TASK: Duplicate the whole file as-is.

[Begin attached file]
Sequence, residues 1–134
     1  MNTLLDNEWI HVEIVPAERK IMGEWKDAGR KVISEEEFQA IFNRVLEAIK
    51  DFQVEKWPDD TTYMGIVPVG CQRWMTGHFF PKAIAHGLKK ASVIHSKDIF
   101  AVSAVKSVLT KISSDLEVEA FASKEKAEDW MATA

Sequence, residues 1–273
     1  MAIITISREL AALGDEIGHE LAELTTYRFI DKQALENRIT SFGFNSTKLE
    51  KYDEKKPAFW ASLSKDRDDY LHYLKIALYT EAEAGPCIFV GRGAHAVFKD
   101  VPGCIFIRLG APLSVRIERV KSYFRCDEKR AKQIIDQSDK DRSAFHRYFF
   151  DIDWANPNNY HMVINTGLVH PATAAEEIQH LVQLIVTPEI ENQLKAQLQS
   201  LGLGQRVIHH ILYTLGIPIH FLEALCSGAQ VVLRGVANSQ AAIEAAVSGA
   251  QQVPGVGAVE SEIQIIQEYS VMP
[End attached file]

Sequence, residues 1–134
     1  MNTLLDNEWI HVEIVPAERK IMGEWKDAGR KVISEEEFQA IFNRVLEAIK
    51  DFQVEKWPDD TTYMGIVPVG CQRWMTGHFF PKAIAHGLKK ASVIHSKDIF
   101  AVSAVKSVLT KISSDLEVEA FASKEKAEDW MATA

Sequence, residues 1–273
     1  MAIITISREL AALGDEIGHE LAELTTYRFI DKQALENRIT SFGFNSTKLE
    51  KYDEKKPAFW ASLSKDRDDY LHYLKIALYT EAEAGPCIFV GRGAHAVFKD
   101  VPGCIFIRLG APLSVRIERV KSYFRCDEKR AKQIIDQSDK DRSAFHRYFF
   151  DIDWANPNNY HMVINTGLVH PATAAEEIQH LVQLIVTPEI ENQLKAQLQS
   201  LGLGQRVIHH ILYTLGIPIH FLEALCSGAQ VVLRGVANSQ AAIEAAVSGA
   251  QQVPGVGAVE SEIQIIQEYS VMP